OP Patrycja19 63 | 2,699
24 Aug 2007 #48
its all very well in hindsight - if they knew then what we know now, they may have done it differently (may - as its moot point)

looking back at this.. daffy your just amazingly right :)

lets see if any newcomers who havent seen this thread have anything to add to
it :))
ConstantineK 26 | 1,259
31 Aug 2007 #49
If they are assassinating their own journalists today, why would they go out of their way to apologize to the Polish people.

you can`t blame Russian gov-nt in this assassination because you have no true evidences! So it would be better to keep silent, otherwise you will show your partiality and lack of information...:-(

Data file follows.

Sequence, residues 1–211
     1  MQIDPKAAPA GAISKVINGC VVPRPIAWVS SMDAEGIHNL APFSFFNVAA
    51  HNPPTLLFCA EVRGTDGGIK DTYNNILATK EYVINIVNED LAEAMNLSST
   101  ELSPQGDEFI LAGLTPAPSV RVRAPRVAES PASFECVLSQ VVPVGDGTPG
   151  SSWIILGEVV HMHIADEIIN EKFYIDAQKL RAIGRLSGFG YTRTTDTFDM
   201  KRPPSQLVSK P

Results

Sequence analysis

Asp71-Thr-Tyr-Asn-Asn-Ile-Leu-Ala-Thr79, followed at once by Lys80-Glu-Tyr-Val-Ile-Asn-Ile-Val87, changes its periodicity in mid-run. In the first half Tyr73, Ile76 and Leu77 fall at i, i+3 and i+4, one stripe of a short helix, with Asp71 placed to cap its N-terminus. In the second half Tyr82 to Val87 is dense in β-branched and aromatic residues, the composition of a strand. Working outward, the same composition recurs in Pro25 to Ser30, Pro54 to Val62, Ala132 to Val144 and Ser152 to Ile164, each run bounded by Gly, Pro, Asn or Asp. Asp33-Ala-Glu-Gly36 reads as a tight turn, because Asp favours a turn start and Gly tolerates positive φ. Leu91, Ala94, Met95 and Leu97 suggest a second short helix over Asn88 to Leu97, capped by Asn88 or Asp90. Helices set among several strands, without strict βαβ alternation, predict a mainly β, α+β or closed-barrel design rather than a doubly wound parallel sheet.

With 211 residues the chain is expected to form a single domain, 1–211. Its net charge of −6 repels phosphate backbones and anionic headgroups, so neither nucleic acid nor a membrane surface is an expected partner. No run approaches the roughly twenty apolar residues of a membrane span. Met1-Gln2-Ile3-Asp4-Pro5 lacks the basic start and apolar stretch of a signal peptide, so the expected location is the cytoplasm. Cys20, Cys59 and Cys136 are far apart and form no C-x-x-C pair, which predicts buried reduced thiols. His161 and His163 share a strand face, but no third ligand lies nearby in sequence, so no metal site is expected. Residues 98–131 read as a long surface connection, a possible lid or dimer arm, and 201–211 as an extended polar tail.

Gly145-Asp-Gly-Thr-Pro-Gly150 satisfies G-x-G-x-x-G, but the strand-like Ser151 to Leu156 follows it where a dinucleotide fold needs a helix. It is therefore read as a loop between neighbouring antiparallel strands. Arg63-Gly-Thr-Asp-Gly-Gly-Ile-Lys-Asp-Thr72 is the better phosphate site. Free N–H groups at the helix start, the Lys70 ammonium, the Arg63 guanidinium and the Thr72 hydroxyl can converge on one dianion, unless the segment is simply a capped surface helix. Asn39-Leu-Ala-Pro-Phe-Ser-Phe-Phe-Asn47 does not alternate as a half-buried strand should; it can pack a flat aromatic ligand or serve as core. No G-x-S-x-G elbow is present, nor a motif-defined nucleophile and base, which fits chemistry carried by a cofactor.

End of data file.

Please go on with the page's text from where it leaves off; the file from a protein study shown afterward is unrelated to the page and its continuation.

szkotja2007 27 | 1,498
31 Aug 2007 #50
the irish rebels were outnumbered by the British.

Completely different and incomparable set of circumstances.
Shawn_H
31 Aug 2007 #51
you can`t blame Russian gov-nt in this assassination because you have no true evidences

You are right that I have no True Evidence. From what I have read, many seemingly politically motivated murders in Russia will go unsolved.

I merely formulated my opinion that Russia will not apologize to the Polish People for something that happened so many years ago based on the current Russian climate of fear in regards to "freedom of speach" in the media. As a westerner, it appears to me that in some aspects, not much has changed since the communist times in Russia.

It has been insinuated in the western media that the hands of the Russian Government and it's agencies are not clean in the murders people who held views contrary to that of the government.